Judd Shaw: It’s not, that’s not innovation in the business place. That’s not creativity. Unless you’re an imagineer, we need you doing different, you know, things. And so his thing was to get people at a starting place where they realize that we’re all creative. Absolutely.

Frankie Russo: And you know what I, what’s a big thing that I touch on is this idea that when you’re creating a culture of continuous innovation, it’s not just about the product, creating a product or some tech or, or even a brand campaign.

Frankie Russo: That’s not, everybody thinks that’s the creative folks. And the fact is, is that it takes creativity to put a deal together with three different uh, organizations or vendors that don’t like each other. That takes creativity. It takes creativity to figure out how to solve whatever spreadsheet issue you were [00:33:00] having for the accounting department and to make it work with this weird way that the leadership wants things to be visualized.

Judd Shaw: And so

Frankie Russo: I think that’s where it gets, it gets interesting is that not only is everyone imaginative at five, everyone can be imaginative of whatever day they are living

Judd Shaw: and

Frankie Russo: it, but it’s, it’s, if they reframe. The way that they’re going to approach these things, just the practice of reframing it is a, is a huge component of that.

Frankie Russo: And, but yeah, I love that you mentioned that because that is such a big misconception. You know, you have to be innovative to figure out how to break into certain relationships and sales.

Judd Shaw: Yeah.

Frankie Russo: I mean, you have to be, sales are some of the most innovative, creative people alive, and most of them would say they’re not.

Judd Shaw: You have to innovate today. If you want to go on a dating app.

Frankie Russo: Ain’t that the truth? I mean,

Judd Shaw: all of that is innovation. All of that is creativity, right? But so, you know, taking, so, so my framework, your conscious awareness, understanding, [00:34:00] renewing, and expanding is how to get from a place where, uh, maybe you’re not showing up authentically or your true self and how to be able.

Judd Shaw: To get to that stage of what I would say in your terms as radical honesty. Uh, right. And so love, love, you’re weird. You have this, this framework, right? So that’s the, the base of it. And let me see if I can tackle this, uh, so that I can implement it in my workplace, right? Let’s get some actionable thing here.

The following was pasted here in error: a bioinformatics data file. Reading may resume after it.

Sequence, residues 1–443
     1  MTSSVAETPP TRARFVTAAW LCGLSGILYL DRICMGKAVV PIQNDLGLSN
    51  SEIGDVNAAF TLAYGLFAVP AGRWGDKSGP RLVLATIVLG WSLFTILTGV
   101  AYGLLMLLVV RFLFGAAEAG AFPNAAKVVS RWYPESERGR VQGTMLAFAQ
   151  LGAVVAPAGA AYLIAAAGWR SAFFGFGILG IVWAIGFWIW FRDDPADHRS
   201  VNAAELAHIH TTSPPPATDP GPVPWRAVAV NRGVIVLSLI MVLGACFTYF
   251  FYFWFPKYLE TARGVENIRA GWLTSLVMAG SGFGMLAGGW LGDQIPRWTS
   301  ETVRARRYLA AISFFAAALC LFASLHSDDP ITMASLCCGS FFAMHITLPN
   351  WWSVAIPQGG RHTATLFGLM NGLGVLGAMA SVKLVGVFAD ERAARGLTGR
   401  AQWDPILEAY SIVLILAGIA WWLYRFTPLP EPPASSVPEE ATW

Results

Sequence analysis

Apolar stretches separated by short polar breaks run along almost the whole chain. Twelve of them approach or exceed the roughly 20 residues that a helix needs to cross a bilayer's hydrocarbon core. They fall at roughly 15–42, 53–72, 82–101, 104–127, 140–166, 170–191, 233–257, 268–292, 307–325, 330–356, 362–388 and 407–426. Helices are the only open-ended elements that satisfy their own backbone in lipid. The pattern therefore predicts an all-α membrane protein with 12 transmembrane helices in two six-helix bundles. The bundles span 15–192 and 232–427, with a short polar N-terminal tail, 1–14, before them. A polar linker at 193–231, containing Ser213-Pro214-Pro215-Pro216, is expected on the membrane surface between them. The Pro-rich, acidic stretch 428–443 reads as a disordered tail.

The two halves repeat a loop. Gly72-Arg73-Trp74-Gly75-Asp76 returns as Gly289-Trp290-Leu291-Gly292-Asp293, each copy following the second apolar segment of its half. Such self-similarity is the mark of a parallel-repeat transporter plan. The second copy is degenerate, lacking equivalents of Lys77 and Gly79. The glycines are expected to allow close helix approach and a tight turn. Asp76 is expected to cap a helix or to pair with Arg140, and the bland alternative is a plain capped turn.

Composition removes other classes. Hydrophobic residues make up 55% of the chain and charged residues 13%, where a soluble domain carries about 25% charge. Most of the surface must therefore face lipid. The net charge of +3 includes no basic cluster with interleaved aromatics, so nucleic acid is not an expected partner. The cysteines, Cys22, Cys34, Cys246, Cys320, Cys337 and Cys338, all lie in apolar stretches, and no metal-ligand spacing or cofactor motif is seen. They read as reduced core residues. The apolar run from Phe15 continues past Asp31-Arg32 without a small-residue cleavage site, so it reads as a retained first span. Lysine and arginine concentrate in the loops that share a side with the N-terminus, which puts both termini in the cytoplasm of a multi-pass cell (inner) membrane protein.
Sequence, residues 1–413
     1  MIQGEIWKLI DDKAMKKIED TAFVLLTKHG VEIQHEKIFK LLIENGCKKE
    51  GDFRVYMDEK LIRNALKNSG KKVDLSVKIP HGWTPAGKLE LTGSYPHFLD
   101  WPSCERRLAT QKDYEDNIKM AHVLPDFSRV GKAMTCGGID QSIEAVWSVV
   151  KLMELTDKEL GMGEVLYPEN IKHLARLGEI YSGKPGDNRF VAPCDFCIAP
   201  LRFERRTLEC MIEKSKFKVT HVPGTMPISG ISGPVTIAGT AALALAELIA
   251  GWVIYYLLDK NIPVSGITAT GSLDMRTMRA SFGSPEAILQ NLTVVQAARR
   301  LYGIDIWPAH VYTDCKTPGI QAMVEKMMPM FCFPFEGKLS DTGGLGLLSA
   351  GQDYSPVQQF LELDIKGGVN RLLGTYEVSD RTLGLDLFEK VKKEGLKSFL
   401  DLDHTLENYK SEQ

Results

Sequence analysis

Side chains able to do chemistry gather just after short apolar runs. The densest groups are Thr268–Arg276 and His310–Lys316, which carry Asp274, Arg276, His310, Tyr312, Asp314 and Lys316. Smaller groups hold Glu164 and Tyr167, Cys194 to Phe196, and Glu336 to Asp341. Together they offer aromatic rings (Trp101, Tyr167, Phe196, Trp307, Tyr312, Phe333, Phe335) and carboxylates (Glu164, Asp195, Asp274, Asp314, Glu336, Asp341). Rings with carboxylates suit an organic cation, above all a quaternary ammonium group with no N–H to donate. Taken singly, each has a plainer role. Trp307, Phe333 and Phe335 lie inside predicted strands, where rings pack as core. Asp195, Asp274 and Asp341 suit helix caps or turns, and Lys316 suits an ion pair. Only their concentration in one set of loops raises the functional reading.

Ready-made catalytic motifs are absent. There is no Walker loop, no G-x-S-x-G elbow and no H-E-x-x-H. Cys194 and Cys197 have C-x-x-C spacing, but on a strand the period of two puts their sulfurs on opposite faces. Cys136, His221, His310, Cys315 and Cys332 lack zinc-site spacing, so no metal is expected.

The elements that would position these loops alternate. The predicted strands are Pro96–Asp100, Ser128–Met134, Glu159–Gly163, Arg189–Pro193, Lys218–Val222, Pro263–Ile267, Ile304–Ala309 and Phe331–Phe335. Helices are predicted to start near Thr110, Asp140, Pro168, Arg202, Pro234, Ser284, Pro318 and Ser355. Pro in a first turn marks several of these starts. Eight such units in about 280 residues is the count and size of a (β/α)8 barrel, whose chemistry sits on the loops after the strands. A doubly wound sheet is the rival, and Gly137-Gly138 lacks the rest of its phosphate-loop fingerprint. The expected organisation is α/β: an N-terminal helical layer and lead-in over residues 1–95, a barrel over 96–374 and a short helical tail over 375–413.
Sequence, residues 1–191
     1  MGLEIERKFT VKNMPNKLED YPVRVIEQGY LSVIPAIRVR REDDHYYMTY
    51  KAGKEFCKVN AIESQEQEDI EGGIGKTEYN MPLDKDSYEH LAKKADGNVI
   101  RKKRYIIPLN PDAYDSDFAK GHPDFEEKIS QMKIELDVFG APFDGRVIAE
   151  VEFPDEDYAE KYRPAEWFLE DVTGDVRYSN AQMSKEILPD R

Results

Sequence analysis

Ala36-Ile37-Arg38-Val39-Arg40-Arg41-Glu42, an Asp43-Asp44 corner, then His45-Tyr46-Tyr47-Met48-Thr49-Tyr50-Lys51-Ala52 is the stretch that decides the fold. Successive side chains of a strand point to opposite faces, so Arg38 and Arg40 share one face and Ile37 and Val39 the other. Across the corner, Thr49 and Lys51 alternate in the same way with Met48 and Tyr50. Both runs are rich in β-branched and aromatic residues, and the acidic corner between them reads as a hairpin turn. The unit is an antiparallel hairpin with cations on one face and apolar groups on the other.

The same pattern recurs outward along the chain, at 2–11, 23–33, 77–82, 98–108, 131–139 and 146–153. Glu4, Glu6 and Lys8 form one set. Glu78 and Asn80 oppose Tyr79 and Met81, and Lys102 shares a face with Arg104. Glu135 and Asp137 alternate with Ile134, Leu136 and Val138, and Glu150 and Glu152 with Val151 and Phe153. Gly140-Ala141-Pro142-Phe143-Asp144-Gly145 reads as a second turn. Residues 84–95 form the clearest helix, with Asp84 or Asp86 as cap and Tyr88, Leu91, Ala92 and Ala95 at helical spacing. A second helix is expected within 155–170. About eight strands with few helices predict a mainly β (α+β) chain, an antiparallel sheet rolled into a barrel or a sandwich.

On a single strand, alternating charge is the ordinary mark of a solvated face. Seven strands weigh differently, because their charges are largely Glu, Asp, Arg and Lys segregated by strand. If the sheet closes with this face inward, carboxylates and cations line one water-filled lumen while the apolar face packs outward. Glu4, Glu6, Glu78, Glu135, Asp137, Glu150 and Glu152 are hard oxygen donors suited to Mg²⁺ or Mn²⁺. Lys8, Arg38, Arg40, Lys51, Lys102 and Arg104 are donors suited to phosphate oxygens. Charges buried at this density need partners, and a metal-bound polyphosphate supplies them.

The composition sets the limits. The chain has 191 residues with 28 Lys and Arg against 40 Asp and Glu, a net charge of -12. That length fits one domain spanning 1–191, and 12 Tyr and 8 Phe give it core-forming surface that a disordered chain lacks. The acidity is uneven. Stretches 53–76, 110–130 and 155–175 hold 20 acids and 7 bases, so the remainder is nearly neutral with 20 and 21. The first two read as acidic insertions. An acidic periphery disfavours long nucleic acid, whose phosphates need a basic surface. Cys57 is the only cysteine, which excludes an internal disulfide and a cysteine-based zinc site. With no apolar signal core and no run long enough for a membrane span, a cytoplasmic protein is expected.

Judd Shaw: First thing is I have to ensure that I create an environment Where my team comes and goes, I got something to say, right? Like at its core, they have to feel like, so in your prong, one step, one, whatever, which is creating the environment, the upside to companies is people raise their hand. They give feedback.

Judd Shaw: They feel, uh, they’ll tell a company, maybe this is a [00:35:00] mistake. We’re heading in the wrong direction. This is a great idea. You know, they’re, they’re engaging, right? So there’s a place of safety, a cone of safety.

Frankie Russo: You’re you’re invent. You’re really taking what feedback you get seriously. So yeah, you’re really inventory.

Frankie Russo: You’re really going to use that for the other pieces. Yep.

Judd Shaw: So you can’t. I always say, uh, in my side, you can’t show up authentically until you feel safe, right? Because Stephen Porges and Holly Vagel theory says, uh, threat is not the is not, you know, it’s not the absence of threat, but the presence of connection.

Judd Shaw: Right. And, and so in there, you’re creating a place of safety where people come in beyond purpose, meaning, et cetera, that they feel that they can offer their opinion, that they can express themselves. That’s like in the right. And then two is realizing all of us have something interesting to input, have all of us something to say.

Judd Shaw: All of the entire [00:36:00] team can collaborate on that. And then third, that the true innovation comes at the end when it was like, uh, whose idea was this anyway, like Jimmy, Sally, who came up, who knows anymore? It was a blend.

Frankie Russo: Yep. It was a community.

Judd Shaw: I love that.

Frankie Russo: It’s a community of imaginary imagineers. If you will, I don’t use the word imagineers, obviously, because Walt Disney stole it, but, uh, when does the book come

Judd Shaw: out?

Frankie Russo: So love your weird is going to be probably October, November. The, I will be honest that the, I haven’t decided yet if the kid’s book or the adult book is going to come out first. So I have an illustrated version. I probably would put the kid one out first cause my kids are pushing me. I’ve got six kids by the way.

Frankie Russo: Uh, cause I got remarried

Judd Shaw: and yeah,

Frankie Russo: so that, that was awesome. And I’m loving that. Um, but you know, one of the biggest things is, uh, I really want to do something different. And in the spirit of Love Your Weird, in the spirit [00:37:00] of like doing something different, I want to put out two different versions of the book.

Frankie Russo: And the one’s fiction, one’s nonfiction. So obviously the nonfiction is kind of like the business book. So, you know, for the people want to read that, but the fiction one is shorter, probably 25, 30 pages. And it’s actually about